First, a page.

Posted on 13 October 2016
Arcadis and KWR Watercycle Research Institute have signed a cooperation agreement in the area of Subsurface Water Solutions (SWS). Ensuring a long term commitment to provide sustainable freshwater management in coastal areas.
Dutch consultancy firm Arcadis and Dutch research institute KWR already participate in the Allied Waters foundation that aims to open the world market for subsurface water solutions as robust, effective, sustainable and cost-efficient answers to the freshwater challenges in coastal areas worldwide.
The agreement was signed by John Batten (left) of Arcadis and Jos Boere (right) of KWR at the IWA world congress 2016 in Brisbane, Australia on 12 October.
|Freshkeeper concept offered by KWR and Arcadis to the Southwest Florida Water Management District: brackish water is abstracted in such a way that it does not flow to the freshwater well (1) and can be desalinated using membranes (2). The saline residual stream is pumped back into a deeper aquifer (3).|
Smart use of fresh groundwater
The agreement is a result of a 4-year cooperation in Allied Waters, including feasibility studies for drinking water utilities in Florida (US) and project initiation for water reuse and agriculture in Mexico.
The cooperation focuses on novel concepts for groundwater resource management in coastal zones, based on the smart combined use of natural resources and advanced techniques.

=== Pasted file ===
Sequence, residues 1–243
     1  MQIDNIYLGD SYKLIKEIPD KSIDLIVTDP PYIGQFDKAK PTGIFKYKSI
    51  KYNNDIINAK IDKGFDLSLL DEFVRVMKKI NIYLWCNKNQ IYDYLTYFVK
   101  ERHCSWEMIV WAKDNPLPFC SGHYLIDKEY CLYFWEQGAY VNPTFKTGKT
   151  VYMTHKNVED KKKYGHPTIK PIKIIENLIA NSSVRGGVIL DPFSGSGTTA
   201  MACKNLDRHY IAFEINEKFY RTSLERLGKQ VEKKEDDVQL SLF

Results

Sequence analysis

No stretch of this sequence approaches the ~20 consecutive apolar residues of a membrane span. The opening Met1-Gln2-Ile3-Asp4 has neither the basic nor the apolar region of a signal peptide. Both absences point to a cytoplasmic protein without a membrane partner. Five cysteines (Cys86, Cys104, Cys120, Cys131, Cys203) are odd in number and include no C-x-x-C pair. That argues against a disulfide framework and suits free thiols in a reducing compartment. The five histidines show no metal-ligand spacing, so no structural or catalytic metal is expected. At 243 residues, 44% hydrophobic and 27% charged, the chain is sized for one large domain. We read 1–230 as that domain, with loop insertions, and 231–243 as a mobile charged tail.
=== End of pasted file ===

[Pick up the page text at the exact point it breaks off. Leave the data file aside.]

Combat salt intrusion
Examples of such concepts include:
● temporary storage of freshwater in saline groundwater and its subsequent unmixed recovery for crop irrigation (the ASR-Coastal concept)
● prevention of water-well salinization through the simultaneous abstraction of fresh and intruding saline groundwater (the Freshkeeper concept).
|Installation of Freshkeeper for Duch water supply company Vitens consisting of screens to stop salt intrusion of its fresh groundwater wells.|
About Subsurface water solutions
Subsurface Water Solutions (SWS) provide innovative, practical concepts for advanced freshwater management, with the common objective of protecting, enlarging and sustainably utilizing fresh groundwater resources in coastal areas.
SWS introduces a new way of thinking in terms of water resource management, far beyond the current state-of-the-art and common practice.
New concepts have been developed and field-tested by public-private partnerships such as Allied Waters, and are now being taken up by the market’s early adopters.
This news item was originally published on the website of Allied Waters.
Read also on this website
● Arcadis and KWR develop investment decision tool for six fresh groundwater pilots worldwide, 8 January 2016
● EU approves Dutch-led research programme Subsol on protection of fresh water resources in coastal areas, 18 February 2015
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